Bullish: Stuart Blair
It’s hard to be bullish on easyJet (LSE: EZJ) shares when it continues to deliver bad news. But while I believe that volatility is here to stay for the short term, I feel that there is long-term upside potential. Here’s why.
Firstly, there are signs that international travel is making a comeback. Indeed, easyJet expects capacity this quarter to be 60% of 2019 levels, compared to just 17% in Q3. Further, the health secretary Sajid Javid, has recently indicated that compulsory PCR tests will be abandoned in favour of lateral flow tests. This should open travel up to a significantly larger number of people, and easyJet will be a prime beneficiary.
Secondly, there is the possibility that easyJet may be a takeover target soon. This comes after Wizz Air reportedly approached the airline, with an all-share deal. Although it was reported that this deal “significantly undervalued” the group, and was therefore rejected immediately, it may lead to further bids down the line. Takeovers usually mean that a company is bought for a premium, and therefore, this would likely have a positive effect on the easyJet share price.
Finally, after the recent rights issue, easyJet look financially stable. In fact, although it diluted the share price, the £1.2bn raised means that the company can help expand its services and take market share. I am hoping this could boost long-term profits, and maybe put the company into a position to buy back these shares. Accordingly, although there is no doubt that struggles will remain indefinitely, I feel easyJet is a good long-term recovery stock.
Stuart Blair has no position in easyJet shares.
Bearish: Rupert Hargreaves
Over the past two and a half decades, easyJet has revolutionised the low-cost travel market across Europe. Unfortunately, the company has started to lose market share to more aggressive upstarts such as Wizz Air in recent years. It has also struggled to keep up with its closest competitor, Ryanair.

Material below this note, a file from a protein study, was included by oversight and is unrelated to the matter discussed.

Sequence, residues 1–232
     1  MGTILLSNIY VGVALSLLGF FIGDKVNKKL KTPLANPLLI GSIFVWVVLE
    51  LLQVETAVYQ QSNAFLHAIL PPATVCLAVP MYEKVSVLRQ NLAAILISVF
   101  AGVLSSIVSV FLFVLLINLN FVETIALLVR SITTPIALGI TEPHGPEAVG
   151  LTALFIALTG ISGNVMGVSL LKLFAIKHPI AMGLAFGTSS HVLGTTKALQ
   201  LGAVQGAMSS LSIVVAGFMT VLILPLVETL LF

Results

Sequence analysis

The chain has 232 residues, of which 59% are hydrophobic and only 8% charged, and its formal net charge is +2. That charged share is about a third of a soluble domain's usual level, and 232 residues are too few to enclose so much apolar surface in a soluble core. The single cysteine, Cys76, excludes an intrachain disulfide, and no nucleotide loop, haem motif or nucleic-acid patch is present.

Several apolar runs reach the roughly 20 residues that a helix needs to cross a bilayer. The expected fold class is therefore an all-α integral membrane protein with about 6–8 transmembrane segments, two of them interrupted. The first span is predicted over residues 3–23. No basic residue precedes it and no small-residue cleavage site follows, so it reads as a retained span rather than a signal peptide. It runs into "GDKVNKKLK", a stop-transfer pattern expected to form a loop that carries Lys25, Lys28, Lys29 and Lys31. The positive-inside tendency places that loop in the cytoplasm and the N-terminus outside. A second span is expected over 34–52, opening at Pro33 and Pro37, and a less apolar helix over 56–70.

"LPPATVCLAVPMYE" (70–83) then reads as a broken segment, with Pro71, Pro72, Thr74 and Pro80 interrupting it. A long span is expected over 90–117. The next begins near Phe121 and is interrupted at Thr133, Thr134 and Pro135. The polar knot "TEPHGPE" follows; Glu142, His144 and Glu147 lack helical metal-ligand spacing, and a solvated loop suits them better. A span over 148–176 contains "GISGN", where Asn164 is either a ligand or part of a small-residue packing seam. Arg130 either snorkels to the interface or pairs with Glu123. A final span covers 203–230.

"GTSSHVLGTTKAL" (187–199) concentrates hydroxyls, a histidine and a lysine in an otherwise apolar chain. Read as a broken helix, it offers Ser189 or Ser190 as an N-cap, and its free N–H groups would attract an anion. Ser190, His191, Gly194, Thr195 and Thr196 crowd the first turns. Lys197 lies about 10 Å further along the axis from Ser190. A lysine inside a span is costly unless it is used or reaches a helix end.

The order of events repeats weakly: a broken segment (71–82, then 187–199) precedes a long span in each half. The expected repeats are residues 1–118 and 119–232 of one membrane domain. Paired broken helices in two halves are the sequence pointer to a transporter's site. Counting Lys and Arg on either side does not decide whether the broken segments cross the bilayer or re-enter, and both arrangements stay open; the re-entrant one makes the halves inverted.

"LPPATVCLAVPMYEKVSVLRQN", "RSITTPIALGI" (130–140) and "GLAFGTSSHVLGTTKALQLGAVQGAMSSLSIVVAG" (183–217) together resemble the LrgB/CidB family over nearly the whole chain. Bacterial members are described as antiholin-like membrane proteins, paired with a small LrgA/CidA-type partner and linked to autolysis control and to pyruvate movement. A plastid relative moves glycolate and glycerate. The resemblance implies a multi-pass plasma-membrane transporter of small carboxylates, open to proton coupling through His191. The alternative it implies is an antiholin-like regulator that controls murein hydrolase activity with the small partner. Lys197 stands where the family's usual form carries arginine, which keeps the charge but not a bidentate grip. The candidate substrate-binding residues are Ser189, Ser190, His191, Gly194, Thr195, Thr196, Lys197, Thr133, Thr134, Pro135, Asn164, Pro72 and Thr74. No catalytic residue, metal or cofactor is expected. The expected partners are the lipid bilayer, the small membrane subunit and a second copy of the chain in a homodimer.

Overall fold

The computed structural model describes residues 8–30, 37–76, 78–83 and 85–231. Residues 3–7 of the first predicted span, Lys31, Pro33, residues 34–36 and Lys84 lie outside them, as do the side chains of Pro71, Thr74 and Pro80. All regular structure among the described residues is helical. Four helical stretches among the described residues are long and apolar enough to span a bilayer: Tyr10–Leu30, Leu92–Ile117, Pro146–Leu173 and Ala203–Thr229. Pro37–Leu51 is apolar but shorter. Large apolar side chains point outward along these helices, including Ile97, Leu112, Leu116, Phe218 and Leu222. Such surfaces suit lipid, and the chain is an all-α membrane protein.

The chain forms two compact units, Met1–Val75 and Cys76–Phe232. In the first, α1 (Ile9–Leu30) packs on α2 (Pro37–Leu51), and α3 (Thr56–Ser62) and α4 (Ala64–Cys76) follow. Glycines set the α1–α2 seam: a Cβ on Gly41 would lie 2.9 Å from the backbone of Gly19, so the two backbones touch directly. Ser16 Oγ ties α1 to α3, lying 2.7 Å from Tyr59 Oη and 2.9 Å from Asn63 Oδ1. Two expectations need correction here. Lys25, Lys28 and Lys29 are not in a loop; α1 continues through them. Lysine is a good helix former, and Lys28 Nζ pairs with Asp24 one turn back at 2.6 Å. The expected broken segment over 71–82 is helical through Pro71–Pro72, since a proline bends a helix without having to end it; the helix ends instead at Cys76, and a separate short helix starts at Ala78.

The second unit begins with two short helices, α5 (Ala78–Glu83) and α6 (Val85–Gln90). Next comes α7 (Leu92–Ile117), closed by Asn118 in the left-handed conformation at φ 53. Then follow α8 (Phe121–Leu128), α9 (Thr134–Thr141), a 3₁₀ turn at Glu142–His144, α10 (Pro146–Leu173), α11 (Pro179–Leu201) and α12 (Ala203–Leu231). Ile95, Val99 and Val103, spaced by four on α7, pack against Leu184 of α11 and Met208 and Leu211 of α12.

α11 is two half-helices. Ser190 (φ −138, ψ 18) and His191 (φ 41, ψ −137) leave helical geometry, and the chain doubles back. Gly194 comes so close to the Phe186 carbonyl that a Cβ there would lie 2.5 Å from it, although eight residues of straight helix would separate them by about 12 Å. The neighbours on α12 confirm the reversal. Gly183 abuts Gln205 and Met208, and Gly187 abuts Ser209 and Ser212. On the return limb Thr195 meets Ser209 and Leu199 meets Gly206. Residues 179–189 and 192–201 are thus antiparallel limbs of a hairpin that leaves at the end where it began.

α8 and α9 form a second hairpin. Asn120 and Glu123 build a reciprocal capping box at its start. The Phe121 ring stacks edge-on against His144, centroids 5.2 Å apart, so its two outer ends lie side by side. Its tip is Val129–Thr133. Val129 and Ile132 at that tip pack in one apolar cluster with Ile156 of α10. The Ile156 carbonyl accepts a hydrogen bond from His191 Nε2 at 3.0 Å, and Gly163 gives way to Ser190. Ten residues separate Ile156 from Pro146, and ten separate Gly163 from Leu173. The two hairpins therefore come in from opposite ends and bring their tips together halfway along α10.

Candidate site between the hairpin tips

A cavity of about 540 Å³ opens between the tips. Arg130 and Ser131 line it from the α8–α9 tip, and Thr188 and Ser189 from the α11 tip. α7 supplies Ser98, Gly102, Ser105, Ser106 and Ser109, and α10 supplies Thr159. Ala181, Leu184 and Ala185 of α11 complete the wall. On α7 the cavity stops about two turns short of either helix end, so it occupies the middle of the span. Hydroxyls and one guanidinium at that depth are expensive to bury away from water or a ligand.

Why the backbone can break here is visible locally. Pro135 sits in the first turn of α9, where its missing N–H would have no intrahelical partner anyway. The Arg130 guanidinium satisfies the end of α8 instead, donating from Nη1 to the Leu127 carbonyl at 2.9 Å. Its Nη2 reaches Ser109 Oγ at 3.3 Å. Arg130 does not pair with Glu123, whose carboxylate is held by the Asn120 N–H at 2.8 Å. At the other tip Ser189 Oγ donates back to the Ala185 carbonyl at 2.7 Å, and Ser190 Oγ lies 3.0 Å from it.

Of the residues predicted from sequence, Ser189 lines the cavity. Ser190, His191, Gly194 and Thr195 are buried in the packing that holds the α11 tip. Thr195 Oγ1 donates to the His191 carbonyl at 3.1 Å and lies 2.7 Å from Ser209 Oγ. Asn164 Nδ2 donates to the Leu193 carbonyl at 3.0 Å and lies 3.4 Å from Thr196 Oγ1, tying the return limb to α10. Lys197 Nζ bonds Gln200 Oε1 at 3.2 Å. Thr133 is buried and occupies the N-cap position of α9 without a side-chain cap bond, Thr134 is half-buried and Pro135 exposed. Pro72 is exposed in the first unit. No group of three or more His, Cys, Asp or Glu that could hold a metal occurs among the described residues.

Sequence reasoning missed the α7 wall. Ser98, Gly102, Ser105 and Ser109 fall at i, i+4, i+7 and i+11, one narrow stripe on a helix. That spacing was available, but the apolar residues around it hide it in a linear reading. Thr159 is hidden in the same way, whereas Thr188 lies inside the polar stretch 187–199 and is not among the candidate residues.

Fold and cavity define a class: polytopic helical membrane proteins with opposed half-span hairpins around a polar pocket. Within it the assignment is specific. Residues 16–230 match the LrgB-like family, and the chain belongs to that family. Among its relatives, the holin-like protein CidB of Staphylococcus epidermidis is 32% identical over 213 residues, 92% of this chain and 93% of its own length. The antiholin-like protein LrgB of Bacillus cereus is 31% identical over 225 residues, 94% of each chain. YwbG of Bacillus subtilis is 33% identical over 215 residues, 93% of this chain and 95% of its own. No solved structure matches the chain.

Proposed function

In 2019, Ryanair flew around 40% more passengers, with a load factor of 96%, compared to easyJet’s 92%. Meanwhile, the average easyJet fare was €61, compared to just €37 for Ryanair.
That was before the pandemic, which blew a hole in easyJet’s balance sheet. The company has had to raise money from investors and cut its operations to the bone to stay afloat.
Now its faces a long struggle to return to growth. The group had planned to invest heavily in its fleet over the next few years, but its options are limited after the pandemic. That might be acceptable if other airlines were in the same position, but they are not. Wizz’s fleet is newer, and it has a more robust, cash-rich balance sheet.
Ryanair also has a stronger balance sheet. It has already announced that it plans to aggressively chase market share over the next few months and years.
Considering these factors, I think easyJet shares will struggle to return to growth in the next few years. That is why I will be avoiding the company. I think the group has had its time in the sun, and it will struggle to maintain its position in the fiercely competitive aviation industry.
Rupert Hargreaves does not have a position in easyJet, Ryanair or Wizz Air.
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